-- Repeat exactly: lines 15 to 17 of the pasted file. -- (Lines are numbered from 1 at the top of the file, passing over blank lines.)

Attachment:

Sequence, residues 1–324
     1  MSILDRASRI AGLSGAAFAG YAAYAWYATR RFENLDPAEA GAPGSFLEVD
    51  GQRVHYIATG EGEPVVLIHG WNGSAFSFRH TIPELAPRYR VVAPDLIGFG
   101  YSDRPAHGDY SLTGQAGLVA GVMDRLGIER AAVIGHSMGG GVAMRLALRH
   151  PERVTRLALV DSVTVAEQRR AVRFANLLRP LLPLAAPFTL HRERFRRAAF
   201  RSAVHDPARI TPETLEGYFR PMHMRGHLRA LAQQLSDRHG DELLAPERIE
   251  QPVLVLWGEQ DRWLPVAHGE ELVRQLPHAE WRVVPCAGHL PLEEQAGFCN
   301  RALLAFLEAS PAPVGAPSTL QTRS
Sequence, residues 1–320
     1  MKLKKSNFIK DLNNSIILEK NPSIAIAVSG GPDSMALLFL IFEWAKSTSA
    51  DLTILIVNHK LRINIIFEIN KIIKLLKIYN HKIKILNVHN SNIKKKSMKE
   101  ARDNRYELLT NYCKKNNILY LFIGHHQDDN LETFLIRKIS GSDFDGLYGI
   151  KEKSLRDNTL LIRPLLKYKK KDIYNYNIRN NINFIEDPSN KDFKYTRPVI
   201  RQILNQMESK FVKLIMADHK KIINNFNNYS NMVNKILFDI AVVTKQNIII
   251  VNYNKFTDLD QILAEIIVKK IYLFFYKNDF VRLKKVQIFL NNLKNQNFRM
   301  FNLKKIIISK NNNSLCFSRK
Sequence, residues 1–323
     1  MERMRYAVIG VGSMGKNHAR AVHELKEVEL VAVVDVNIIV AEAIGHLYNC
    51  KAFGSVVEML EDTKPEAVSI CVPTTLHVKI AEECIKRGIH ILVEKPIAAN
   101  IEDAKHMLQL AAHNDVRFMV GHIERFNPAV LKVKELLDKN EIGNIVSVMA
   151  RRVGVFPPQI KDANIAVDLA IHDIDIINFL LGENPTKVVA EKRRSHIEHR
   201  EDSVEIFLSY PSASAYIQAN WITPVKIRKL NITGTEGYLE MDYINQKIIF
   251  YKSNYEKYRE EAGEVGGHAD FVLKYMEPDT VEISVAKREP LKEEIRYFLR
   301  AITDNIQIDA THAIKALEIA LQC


   251  VNYNKFTDLD QILAEIIVKK IYLFFYKNDF VRLKKVQIFL NNLKNQNFRM
   301  FNLKKIIISK NNNSLCFSRK
Sequence, residues 1–323